Sunday, July 14, 2024

Cambridge’s Clement G. Morgan Park by Washington and Pine streets was the scene of a shooting Memorial Day, sparking new conversation about surveillance cameras in violence-prone areas. (Photo: Elisha Marshall)

A bid for surveillance cameras in high-crime areas returned to the City Council agenda Monday, a week after a Memorial Day shooting in Area IV that injured one person.

The incident — or incidents, as residents of the area spoke among themselves about a follow-up to the 11:30 p.m. shooting that took place at 2:30 or 3 a.m. on what was technically the next day — took place around Clement G. Morgan Park by Washington and Pine streets. Up to 15 bullets were fired, apparently following an argument, and a group of young men were seen fleeing the area. Police said the shooting victim was taken to a hospital with nonlife-threatening injuries to the neck, and that the shooting took place among people who knew each other, not randomly.

The follow-up “shots” were in fact fireworks, officials said.

That didn’t matter much to Renae Gray, a Columbia Street resident, activist for social justice and one-time council candidate.

“It was the loudest and closest I’ve ever experienced gunshots,” Gray said, referring to the May 30 shooting. “It sounded like they were coming into my house.”

Neither Gray nor other residents of the area — who encouraged referring to it as “The Port” rather than as Area IV and consciously did so themselves — spoke of surveillance cameras; Gray didn’t even want “massive police presence” in light of ongoing gun violence, just a switch in shifts so police could be in the area at key times.

But City Manager Robert W. Healy was responding Monday to a unanimous March 7 request by the council on the feasibility of installing cameras on Clifton Street in North Cambridge, another high-crime area. With the installation of energy- and money-saving LED traffic lights along nearby Rindge Avenue from Sherman Street to Route 16, Healy said it would be efficient to install cameras on the lights at the same time. He wouldn’t take the step of doing so, though, because he knows “the topic has been controversial before.”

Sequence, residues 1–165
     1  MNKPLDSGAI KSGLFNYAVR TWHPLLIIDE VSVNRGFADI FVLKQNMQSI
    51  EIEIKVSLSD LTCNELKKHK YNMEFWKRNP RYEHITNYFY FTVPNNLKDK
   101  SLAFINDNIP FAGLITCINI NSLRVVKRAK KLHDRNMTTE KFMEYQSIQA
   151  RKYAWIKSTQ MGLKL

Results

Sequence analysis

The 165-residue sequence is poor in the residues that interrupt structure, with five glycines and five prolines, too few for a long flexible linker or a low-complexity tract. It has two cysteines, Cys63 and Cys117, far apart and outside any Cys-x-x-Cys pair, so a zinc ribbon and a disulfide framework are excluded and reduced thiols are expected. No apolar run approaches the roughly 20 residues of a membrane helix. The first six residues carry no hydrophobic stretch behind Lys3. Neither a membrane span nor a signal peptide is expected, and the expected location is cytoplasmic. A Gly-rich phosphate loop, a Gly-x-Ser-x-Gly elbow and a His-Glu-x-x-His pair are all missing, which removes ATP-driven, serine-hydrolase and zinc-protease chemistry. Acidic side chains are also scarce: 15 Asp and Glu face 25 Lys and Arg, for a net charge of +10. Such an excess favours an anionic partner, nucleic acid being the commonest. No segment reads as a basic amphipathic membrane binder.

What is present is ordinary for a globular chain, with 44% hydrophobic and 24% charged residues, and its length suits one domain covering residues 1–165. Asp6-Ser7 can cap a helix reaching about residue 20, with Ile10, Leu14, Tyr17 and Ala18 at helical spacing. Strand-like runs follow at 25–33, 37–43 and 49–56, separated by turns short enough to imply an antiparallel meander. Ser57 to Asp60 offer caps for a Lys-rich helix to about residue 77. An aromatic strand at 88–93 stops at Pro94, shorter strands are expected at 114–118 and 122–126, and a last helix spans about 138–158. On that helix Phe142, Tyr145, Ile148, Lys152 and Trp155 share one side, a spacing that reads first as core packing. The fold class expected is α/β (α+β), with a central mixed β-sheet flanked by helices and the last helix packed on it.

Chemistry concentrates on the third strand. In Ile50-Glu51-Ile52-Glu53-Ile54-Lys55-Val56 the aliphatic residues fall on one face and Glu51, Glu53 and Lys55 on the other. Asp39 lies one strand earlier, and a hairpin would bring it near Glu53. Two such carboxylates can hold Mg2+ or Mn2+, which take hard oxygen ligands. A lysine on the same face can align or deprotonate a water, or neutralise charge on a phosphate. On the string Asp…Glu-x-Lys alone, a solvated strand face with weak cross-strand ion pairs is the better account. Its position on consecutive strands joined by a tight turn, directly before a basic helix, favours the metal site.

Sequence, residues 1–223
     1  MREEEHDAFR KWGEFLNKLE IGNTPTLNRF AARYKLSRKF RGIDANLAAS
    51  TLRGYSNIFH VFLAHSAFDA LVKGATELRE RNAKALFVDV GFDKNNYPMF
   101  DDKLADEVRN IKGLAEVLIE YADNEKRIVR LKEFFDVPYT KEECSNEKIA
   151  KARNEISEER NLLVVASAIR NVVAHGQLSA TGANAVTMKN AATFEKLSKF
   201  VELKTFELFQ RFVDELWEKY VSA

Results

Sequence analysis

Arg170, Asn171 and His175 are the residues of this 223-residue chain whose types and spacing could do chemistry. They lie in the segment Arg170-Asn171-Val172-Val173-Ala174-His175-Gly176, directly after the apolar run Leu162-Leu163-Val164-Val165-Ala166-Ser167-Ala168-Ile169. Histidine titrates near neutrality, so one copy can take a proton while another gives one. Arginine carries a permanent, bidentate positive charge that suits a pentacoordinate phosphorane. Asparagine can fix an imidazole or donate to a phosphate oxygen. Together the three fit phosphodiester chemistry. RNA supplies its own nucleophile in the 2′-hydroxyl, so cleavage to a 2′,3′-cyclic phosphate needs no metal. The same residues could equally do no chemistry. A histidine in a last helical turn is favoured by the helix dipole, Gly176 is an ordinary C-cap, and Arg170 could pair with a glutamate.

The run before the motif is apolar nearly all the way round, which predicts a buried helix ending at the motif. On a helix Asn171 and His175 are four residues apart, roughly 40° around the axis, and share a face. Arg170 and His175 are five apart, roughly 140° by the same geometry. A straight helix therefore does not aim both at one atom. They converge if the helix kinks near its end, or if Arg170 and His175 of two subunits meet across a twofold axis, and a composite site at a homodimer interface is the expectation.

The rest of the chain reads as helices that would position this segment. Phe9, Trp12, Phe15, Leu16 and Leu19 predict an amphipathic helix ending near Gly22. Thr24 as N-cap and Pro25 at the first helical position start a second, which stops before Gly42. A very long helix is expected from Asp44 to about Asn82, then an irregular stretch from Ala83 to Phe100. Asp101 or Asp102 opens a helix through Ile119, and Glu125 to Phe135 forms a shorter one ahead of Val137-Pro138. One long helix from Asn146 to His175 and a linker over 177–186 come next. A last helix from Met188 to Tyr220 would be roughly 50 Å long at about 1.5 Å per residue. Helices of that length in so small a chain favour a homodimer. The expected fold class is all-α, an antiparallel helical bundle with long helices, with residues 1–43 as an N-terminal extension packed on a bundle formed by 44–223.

Indeed, it has been controversial repeatedly, with councillor Marjorie Decker especially leading the charge of questioning why the city installed several surveillance cameras without council permission (using a U.S. Department of Homeland Security grant) and kept them up despite a council order to take them down. In this case, while councillor Craig Kelley acknowledged “it makes sense for us to combine these things,” he also wanted a read on how the council felt about adding cameras to the lights — and Decker complied by saying she was “stunned” it was even being discussed.

“There are a lot of people in the community who have expressed concerns about how the footage would be used,” Decker said, as well as contradictory studies on whether cameras help prevent some kinds of crime.

Mayor David Maher, who spoke in favor of trying cameras in Area IV and North Cambridge because “my belief is that we are hearing people are looking for something different” there, facilitated a vote moving the issue to be taken up at a so-far unscheduled joint meeting of Decker’s public health committee and councillor Denise Simmons’ public safety committee.

A 7 p.m. community meeting Wednesday at the Elks Lodge at 55 Bishop Richard Allen Drive will look at Area IV policing, Healy said, but there has already been a response: an increase in police presence near the park with the moving up of the so-called Park Patrol for summer months.

Simmons and councillor Ken Reeves were exasperated by the response.

“When the weather gets hot, there will be some kind of [violence]. We’ve learned it again and again … and Memorial Day was about the hottest day we’ve had,” Reeves said. “So the connection between it being hot and potential problems should be indelibly ingrained in our system. Rather than the traditional definition of ‘summer,’ we have to act when it is hot.”

Simmons also complained again of a lack of communication from police, including about such violent incidents, and noted that the public didn’t even know how old the victim was.

Healy didn’t have the exact answer, but believed the victim to be in his early 20s.